"I hate zone," Calipari said. "I hate it."
His opinion might stem from a notion he conceived as a player and young assistant about how basketball should be played, but he has plenty of evidence to back it up too. Playing man-to-man almost exclusively, Calipari-coached teams have had more than their fair share of success.
"We've won a lot of games, a lot of league championships, a lot of league tournament championships, a lot of NCAA games playing man. ... I know that's the best way to do it," Calipari said.
There aren't many things Coach Cal is more certain of than the superiority of man defense, but one of them is causing him to consider going against one of his core beliefs.
"But I also know, more than anything else, I want this team to have a chance to win," Calipari said. "So I've got to look at everything...and be honest about it and not worry about me because it's not about me. This is about this team."
In Kentucky's home loss to Texas A&M on Saturday, the Wildcats spent extended time in an attacking zone defense. The move was prompted in part by the play of Elston Turner, the Aggie who lit up the Cats for 40 points. Coach Cal had tried having Alex Poythress, Archie Goodwin and even Willie Cauley-Stein guard Turner, but nothing worked.
In past years, the answer would have been simple. If a perimeter player like Turner caught fire against last year's team, Michael Kidd-Gilchrist raised his hand and asked for the assignment. Two seasons ago, it was DeAndre Liggins. The year before it was any one of Liggins, John Wall or Eric Bledsoe. This season, no such defensive stopper has emerged.
"When a team gets on a run, if you don't have a guy that just says, 'Let me guard him,' that's a difference," Calipari said.
Coach Cal mentioned Archie Goodwin first when he was asked about who could become that kind of stopper, and Goodwin certainly tried on Saturday. After Turner had poured in 25 first-half points, Goodwin drew the assignment to begin the second. For 10 minutes, Goodwin held him in check. Turner hit just two free throws during the stretch, missing both of his field-goal attempts. Unfortunately, that's when fatigue kicked in and Turner scored 15 points over the final 9:35.
"He should have been out and I left him in there trying to finish out the game," Calipari said. "The last five minutes, we're up four and he just dies on screens and gets beat and he couldn't sustain it. Well he shouldn't have been in the game that long. That's not his fault, that's my fault."
Zone could help combat that.
"The zone we're playing is a real active one, trying to just get them to run around and be probably more active than they would be if they were playing man-to-man," Calipari said.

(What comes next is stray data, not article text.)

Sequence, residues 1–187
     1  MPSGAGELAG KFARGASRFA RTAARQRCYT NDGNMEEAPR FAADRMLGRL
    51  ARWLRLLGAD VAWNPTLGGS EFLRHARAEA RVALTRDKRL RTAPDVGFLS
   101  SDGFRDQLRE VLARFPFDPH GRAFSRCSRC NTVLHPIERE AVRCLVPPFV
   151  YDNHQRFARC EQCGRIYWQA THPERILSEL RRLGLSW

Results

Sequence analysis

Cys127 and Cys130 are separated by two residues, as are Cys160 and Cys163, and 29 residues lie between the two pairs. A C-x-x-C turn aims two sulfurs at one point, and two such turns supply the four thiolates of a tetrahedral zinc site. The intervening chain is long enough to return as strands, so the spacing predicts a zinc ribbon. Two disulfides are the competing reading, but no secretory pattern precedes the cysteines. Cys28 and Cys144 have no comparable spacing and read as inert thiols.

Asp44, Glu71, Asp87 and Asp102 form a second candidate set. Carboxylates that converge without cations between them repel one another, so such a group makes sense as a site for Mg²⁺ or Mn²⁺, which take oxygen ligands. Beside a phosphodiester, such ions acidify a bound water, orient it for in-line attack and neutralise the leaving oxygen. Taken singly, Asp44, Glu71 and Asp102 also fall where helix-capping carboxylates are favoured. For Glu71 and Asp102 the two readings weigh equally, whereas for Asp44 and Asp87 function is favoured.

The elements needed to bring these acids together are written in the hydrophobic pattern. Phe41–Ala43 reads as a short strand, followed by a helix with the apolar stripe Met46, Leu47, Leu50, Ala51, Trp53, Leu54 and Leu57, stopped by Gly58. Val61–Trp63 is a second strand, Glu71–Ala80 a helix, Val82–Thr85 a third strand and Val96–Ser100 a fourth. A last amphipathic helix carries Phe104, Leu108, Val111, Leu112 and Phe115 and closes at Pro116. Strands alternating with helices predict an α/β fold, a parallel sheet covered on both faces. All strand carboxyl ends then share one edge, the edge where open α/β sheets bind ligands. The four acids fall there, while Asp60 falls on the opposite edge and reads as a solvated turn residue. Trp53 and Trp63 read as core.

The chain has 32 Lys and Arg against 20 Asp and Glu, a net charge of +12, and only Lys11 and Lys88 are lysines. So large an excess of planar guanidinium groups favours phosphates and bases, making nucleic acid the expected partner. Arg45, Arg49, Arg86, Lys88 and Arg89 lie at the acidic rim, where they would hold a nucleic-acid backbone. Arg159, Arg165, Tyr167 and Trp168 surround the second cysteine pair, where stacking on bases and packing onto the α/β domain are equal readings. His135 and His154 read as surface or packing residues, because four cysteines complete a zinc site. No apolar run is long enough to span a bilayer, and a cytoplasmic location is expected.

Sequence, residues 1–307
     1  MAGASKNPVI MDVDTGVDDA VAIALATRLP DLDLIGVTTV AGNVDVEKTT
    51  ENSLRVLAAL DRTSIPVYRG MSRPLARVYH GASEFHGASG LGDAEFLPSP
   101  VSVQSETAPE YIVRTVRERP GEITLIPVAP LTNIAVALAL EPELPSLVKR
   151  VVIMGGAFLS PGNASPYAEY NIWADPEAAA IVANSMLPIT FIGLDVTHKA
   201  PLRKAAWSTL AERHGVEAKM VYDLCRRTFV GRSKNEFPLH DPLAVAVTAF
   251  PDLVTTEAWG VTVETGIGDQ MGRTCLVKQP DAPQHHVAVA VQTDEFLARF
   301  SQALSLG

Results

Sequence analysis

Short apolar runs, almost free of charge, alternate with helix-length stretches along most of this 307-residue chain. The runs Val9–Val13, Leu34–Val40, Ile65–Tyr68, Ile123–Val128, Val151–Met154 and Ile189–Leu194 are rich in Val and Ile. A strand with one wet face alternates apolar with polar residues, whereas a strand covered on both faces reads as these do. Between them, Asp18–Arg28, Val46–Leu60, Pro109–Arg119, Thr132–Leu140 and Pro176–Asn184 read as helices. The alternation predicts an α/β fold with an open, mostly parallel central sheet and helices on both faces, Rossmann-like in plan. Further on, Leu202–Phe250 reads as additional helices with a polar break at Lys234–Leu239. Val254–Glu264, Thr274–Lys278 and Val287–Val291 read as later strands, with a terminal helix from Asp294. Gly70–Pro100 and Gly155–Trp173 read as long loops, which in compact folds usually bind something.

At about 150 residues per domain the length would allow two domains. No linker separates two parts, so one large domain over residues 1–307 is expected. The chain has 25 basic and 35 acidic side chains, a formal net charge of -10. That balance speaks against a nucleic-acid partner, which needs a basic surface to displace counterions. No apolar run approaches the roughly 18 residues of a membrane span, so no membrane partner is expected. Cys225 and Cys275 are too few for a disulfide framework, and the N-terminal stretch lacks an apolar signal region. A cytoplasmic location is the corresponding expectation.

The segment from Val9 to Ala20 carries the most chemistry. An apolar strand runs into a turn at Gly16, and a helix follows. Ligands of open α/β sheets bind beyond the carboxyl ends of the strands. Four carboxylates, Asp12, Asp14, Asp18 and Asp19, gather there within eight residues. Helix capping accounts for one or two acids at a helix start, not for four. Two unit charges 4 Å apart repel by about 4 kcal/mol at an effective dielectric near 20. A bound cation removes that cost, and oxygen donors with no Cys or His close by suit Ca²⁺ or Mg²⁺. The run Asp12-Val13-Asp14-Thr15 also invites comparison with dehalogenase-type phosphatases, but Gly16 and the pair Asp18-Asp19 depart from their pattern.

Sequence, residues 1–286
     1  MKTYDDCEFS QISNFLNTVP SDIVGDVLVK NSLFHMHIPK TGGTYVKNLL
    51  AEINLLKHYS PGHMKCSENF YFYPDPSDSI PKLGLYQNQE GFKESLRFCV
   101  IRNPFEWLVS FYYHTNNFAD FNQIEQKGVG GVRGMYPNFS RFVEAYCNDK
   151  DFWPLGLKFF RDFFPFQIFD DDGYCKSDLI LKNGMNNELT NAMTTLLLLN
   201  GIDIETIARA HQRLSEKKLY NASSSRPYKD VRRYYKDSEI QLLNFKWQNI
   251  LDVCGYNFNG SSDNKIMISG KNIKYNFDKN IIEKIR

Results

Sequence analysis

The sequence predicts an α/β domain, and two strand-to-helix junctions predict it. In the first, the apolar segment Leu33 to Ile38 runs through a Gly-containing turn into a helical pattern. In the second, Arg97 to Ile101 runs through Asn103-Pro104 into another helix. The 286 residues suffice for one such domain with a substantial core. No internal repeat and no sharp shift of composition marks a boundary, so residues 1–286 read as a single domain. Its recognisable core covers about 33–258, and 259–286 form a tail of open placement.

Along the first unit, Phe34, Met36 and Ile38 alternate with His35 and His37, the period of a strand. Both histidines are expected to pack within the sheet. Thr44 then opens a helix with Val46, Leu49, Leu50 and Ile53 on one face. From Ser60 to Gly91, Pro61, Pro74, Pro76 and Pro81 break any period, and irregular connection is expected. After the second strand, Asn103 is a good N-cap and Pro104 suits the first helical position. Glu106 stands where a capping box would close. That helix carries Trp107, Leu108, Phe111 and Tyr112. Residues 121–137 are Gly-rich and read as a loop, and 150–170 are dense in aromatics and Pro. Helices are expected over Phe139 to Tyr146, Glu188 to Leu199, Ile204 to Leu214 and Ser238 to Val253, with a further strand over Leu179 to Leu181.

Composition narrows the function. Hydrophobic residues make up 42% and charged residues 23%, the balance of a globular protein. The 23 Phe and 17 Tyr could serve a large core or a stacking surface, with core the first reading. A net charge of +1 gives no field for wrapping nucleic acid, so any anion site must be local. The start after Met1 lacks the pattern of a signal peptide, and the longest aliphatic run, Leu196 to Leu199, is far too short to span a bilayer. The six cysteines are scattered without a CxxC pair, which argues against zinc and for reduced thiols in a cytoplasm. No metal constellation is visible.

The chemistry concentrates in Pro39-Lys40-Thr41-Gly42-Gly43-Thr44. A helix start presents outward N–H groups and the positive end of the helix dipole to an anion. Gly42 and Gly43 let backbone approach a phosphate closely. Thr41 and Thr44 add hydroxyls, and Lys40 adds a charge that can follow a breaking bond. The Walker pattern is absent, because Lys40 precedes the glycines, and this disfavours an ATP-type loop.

According to Calipari, the Cats have practiced zone over the last two weeks more than all of his past teams combined. However, there's no way of knowing whether UK (10-5, 1-1 Southeastern Conference) will play the zone extensively when Tennessee (8-6, 0-2 SEC) comes to town for a matchup at 7 p.m. ET on Tuesday.
One thing that is a given though is that Calipari will be looking for something closer to complete "buy in" from his team. That was Coach Cal's catchphrase of choice on Monday and it means he wants the Cats to first understand their roles, then commit to them fully.
"It may not be the way you want to play and most likely is not the way you've ever played, but the only way you can really trust each other is you know what everybody is doing," Calipari said. "I'm on the basketball court and I know what the other four guys are doing because they've bought in to how we're playing as a team."
It's only that way that the Cats can avoid the crippling runs that have felled them in their five losses this season. UK's highly touted freshmen didn't expect to lose that many games all season, let alone two games into conference play. So, has that led to a newfound sense of urgency among the players?
"There should be," Willie Cauley-Stein said. "We'll find out today. We didn't have a contact practice (Sunday). I feel like guys were focused in the film session though. But there should definitely be more sense of urgency."
If Cauley-Stein is right, the Texas A&M loss might just be the "crisis" that Coach Cal always talks about UK needing in order "bring about change." But then again, it may not be. UK is fighting habits formed over years, and that process takes time. Calipari, though, has been through this before and he has an idea of what the finished product will look like.
"If it isn't happening, if you don't change, if you don't recognize and then begin to change, there's not going to be a change on the court," Calipari said. "You just keep getting beat. Again, my vision is there's no one late in the season that's going to want to play this team - if we get it right."
Whether that theoretical version of the Cats plays zone, not even Calipari knows.